By Rushad L. Thomas
Those who’ve seen the footage of the flood conditions in South Carolina are deeply saddened to see mother nature unleash such a tremendous torrent on that beautiful state. The Palmetto State’s governor, Nikki Haley, relaying reports from scientists, announced that these floods were “a thousand year event.” Our hearts go out to the good people of Carolina, and we wish them the very best in their efforts to recover and rebuild.
While the scale of flooding in Carolina can be described as a “thousand year event,” we all know that floods and natural disasters are a part of life, across the world and throughout history. During President Coolidge’s time in government this country faced natural disasters of a similar scale when the Mississippi River overflowed its banks in April 1927. Since the previous fall, heavy rains, followed by floods, had wrought havoc in the Midwest. On April 16, the disaster assumed new proportions when a 1,200-foot stretch of a levee collapsed in southern Illinois. Five days later, the force of the torrent broke another levee downriver at Mounds Landing, Mississippi. The waters swept away hundreds of black laborers working to fortify the river banks. In the days ahead, the disaster would kill hundreds, displace hundreds of thousands, and produce damages totaling in the hundreds of millions of dollars.
President Coolidge swung into action. He created a commission consisting of cabinet members, chaired by Herbert Hoover. This commission was designed to facilitate organs of relief in both the government sector and in civil society, in collaboration with the American Red Cross, which the President chaired back in those days.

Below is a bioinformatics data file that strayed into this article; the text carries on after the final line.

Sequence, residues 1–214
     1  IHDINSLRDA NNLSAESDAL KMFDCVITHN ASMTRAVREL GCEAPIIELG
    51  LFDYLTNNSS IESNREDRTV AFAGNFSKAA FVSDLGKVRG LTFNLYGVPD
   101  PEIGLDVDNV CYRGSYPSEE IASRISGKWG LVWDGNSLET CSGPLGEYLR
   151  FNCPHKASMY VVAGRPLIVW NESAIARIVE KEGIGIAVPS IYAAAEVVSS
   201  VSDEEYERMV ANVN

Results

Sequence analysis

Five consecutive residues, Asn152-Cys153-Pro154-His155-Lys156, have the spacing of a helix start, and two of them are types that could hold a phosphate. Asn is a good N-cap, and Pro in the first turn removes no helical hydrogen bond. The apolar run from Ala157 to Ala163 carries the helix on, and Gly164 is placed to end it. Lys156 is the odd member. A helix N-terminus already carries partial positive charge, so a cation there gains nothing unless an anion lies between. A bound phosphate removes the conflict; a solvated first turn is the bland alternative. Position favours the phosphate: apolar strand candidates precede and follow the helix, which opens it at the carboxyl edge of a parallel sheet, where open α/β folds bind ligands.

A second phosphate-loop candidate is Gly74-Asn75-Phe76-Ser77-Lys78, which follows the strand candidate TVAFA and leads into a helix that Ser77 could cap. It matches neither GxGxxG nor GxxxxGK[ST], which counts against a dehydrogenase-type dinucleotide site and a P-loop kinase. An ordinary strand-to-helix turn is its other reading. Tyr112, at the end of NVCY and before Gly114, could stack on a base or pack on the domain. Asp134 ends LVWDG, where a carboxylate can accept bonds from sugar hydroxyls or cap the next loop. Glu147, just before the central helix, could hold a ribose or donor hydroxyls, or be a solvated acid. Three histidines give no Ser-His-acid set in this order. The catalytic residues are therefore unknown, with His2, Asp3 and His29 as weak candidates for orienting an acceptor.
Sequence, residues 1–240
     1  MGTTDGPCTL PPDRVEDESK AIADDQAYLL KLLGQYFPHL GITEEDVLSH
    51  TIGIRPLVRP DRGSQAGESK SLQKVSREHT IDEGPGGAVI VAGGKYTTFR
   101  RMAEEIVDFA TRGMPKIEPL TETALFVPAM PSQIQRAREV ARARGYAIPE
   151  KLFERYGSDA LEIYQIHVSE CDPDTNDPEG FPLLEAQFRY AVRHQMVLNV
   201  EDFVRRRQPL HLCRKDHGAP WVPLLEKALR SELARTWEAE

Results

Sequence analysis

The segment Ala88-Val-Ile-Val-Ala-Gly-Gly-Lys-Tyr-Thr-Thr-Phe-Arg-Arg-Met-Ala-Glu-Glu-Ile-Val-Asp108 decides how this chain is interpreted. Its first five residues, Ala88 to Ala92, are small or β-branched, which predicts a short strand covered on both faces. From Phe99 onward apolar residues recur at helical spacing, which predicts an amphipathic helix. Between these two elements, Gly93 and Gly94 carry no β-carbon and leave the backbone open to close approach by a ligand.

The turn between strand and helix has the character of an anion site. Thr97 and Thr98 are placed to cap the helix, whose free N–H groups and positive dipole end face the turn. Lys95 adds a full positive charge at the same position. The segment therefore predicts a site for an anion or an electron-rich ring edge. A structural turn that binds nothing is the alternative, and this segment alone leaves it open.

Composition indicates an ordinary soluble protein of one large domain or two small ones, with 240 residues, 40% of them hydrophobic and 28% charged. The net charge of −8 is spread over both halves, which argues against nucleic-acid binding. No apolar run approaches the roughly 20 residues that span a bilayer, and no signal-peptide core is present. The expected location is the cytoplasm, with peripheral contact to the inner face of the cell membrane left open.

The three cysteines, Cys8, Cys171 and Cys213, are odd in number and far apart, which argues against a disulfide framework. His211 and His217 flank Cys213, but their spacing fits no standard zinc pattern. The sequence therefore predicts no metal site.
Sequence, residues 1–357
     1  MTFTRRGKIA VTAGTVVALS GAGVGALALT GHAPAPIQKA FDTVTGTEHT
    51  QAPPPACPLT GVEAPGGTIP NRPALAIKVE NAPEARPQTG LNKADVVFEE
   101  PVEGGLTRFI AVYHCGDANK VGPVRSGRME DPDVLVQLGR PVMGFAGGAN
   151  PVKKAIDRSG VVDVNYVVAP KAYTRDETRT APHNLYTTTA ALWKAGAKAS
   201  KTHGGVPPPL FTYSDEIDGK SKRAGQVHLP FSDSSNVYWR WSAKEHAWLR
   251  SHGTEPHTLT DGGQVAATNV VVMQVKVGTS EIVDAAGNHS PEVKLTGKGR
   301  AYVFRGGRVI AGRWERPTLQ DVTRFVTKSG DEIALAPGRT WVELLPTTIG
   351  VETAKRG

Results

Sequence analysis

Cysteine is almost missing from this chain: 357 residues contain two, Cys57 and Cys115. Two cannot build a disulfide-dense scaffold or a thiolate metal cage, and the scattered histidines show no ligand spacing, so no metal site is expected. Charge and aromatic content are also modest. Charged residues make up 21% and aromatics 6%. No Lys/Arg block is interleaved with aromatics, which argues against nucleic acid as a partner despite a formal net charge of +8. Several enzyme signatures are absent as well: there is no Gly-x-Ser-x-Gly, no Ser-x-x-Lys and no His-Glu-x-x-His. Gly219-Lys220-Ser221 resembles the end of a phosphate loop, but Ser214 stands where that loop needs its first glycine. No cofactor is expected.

Between April and July 1927 Secretary Hoover took the lead as the primary manager of the relief efforts on the Federal level. Most persons involved thought that the commission did a commendable job of bringing together the public and private sectors to help those whose lives and homes had been devastated by the flood.
Despite the success of this public-private partnership, the pressure was on for the Federal Government to do more in the area of disaster relief and to invest in efforts to prevent future events from escalating to such a degree. Coolidge, ever the conscientious budget manager, could not countenance expanding the Federal Government’s role in this area and encroaching upon mandates he saw as the purview of state and local governments. He did, however, voice support for a flood control initiative promoted by the head of the Army Corps of Engineers, Major General Jadwin, with a price tag of $180 million.
The Congress, however, wanted more. Senators proposed a $1.4 billion package, an eye-popping sum at a time when the entire Federal Budget was only just north of $3 billion. Coolidge also disliked the fact that none of the costs of this program would be borne by property owners, a feature of the Jadwin plan he liked. The President referred to the Senate plan as “extortionate,” and he pushed with alacrity to convince the House to adopt the Jadwin approach.
When Congress finally passed its flood legislation it consisted of measured compromises between the President’s position and those of the legislators. The cost had been reduced substantial, to $500 million, responsibility for flood control programs was given over to the Army Corps of Engineers, and local stakeholders would be required to contribute to the efforts. Coolidge put his pen to the bill in May 1928, convinced that it was the best he could get from the Congress.